Confession and forgiveness are essential elements to the conversion process. 1 John 1:9 say, “If we confess our sins, he is faithful and just to forgive us our sins and to cleanse us from all unrighteousness. When David sinned with Bathsheba, it was his ability to admit his sin and ask for forgiveness that made him a great king. His confession and plea for forgiveness in Psalms 51 is one of the great passages in all of scripture that teaches all Christians our great need for humility, to admit our wrong and confess our sins in order to receive the forgiveness, cleansing and righteousness of Jesus Christ. Proverbs 28:13 says “Those who conceal their sins do not prosper, but those who confess and renounce them find mercy.”

Jesus is more than just a security blanket. He is more than a life coach and confidence builder. When Jesus asked his disciples, “Who do men say that I am?” He was not looking for a confidence builder as an answer. Peter said, “Though art the Christ, the Son of the Living God.” There can be no doubt about who Jesus is in the life of the Christian. He is not just another good person or powerful security blanket or inspirational sage who has some good advice to give us. When Peter and John stood before the Sanhedrin Council in Acts 4 and were asked by whose authority they preached, taught and healed Peter responded, “Salvation is found in on one else, for there is no other name given under heaven by which we must be saved.” Philippians 2 says “God has exalted him to the highest place and gave him a name that is above every name, that at the name of Jesus every knee should bow…and every tongue acknowledge that Jesus Christ is Lord to the glory of God the Father.”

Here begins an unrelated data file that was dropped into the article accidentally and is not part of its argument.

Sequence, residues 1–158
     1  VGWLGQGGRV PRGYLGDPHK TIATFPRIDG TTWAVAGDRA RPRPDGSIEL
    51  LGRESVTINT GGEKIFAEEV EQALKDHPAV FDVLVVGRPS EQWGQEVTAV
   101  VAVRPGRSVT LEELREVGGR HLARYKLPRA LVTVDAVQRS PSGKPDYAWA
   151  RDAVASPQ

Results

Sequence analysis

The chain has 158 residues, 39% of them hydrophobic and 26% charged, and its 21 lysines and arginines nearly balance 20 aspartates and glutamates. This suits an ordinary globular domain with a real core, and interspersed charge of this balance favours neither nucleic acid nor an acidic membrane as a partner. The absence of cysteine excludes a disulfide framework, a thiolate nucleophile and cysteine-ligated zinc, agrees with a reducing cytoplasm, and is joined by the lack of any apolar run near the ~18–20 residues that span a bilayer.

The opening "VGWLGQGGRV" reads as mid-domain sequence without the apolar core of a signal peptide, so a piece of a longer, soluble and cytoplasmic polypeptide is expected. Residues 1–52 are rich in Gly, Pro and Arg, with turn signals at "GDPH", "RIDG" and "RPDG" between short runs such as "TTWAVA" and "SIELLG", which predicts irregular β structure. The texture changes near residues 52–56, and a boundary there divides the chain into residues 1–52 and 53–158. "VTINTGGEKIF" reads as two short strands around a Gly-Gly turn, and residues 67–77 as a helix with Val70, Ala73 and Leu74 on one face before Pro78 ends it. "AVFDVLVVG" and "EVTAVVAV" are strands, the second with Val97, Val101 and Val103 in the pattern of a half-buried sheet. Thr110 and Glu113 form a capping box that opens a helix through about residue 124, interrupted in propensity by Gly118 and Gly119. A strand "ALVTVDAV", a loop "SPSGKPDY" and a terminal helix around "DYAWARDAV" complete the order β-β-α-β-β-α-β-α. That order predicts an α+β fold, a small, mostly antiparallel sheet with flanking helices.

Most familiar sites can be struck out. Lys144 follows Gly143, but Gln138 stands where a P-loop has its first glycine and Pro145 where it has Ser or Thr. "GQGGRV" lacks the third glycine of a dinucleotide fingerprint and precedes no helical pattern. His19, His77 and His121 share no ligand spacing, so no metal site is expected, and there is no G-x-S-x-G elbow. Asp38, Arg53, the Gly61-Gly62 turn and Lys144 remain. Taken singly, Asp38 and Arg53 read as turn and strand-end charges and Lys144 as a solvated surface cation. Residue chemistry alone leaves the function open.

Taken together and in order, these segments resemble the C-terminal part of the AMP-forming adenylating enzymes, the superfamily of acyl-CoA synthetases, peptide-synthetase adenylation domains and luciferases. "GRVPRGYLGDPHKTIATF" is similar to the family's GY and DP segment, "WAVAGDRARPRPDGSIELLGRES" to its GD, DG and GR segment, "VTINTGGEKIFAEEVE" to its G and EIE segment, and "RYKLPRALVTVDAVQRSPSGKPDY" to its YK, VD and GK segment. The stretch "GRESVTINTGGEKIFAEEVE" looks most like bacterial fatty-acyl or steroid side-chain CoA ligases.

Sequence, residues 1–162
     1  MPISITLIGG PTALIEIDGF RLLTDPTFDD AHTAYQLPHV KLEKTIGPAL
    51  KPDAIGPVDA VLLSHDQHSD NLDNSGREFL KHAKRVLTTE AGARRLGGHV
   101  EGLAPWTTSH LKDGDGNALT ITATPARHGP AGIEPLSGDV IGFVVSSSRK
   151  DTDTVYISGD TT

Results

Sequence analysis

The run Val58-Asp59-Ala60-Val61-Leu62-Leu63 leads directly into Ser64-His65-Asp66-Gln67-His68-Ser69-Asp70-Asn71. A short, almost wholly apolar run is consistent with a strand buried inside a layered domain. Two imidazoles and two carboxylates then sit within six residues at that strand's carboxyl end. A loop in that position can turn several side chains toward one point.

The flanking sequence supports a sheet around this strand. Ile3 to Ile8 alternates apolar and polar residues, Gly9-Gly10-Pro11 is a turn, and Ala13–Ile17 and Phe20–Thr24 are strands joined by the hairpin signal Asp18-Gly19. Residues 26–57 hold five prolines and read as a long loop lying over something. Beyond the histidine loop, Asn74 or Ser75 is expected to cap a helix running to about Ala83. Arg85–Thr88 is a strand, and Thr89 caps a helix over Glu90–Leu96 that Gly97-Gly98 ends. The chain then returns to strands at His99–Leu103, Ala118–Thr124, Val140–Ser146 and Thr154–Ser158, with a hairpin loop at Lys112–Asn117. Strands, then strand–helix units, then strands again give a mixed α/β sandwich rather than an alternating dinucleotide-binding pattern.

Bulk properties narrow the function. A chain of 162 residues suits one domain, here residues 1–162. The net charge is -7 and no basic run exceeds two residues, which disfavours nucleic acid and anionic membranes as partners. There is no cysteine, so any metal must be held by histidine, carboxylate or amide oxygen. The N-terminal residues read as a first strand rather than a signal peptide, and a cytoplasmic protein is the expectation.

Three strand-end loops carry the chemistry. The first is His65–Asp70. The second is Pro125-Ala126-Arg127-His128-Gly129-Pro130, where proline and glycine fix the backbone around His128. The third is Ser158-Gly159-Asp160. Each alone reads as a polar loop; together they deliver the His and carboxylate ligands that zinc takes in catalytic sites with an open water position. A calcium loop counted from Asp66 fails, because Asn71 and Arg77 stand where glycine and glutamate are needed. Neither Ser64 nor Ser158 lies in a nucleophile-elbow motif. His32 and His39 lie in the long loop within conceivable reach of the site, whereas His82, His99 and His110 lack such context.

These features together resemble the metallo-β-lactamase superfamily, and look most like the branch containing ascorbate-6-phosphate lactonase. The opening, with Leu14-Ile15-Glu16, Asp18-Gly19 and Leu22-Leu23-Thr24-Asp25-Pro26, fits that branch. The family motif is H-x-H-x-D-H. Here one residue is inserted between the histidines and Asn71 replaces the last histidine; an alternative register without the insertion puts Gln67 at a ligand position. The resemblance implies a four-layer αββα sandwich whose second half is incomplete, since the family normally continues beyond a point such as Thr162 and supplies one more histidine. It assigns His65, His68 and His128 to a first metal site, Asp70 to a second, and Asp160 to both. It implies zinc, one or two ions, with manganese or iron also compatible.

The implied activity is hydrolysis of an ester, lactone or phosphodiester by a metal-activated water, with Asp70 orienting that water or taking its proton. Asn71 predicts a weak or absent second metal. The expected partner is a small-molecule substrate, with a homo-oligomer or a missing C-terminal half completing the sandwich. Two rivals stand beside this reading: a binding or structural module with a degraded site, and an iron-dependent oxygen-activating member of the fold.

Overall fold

In an interview on the Sirius XM Radio Show, Dan Rather’s America, David Frum, a Conservative Republican, and former speechwriter for President George W. Bush, called Donald Trump the most secular president in modern history. Yet 81% of White Evangelicals voted for Donald Trump, knowing everything that is known about him. How do they explain this? Please don’t tell me about Supreme Court appointments. Where in scripture does Jesus ever mention or hint that He has called Christians to use the judiciary, the legislature or any form of government to advance his kingdom? His message was the opposite. When asked this question directly by Pilate Jesus responded in John 18:36—“My kingdom is NOT of this world. If it were, my servants would fight to prevent my arrest by the Jewish leaders. But now my kingdom is from another place.” So what were White Evangelicals really saying when they voted for Donald Trump? Who were they really voting for and whom were they voting against. Was it Hillary Clinton or was it someone else.

When Israel came to Samuel and requested a king, Samuel mistakenly thought their request to replace his sons, his flawed successors, was a rejection of him. But Samuel’s vision was too nearsighted. God needed to broaden his perspective. And I would suggest that the 81% vote of White Evangelical Christians for Donald Trump was not just a selection between two human candidates. That way of thinking is much too narrow; too limited and secular for Christians, when such important decisions are being made. This is how God saw the decision of Israel. In 1 Samuel 8:7 it says, and the Lord told him: “Listen to all that the people are saying to you; it is not YOU they have rejected, but they have rejected ME as their king.”

So when 81% of White Evangelical Christians voted for Donald Trump, whom did they really reject?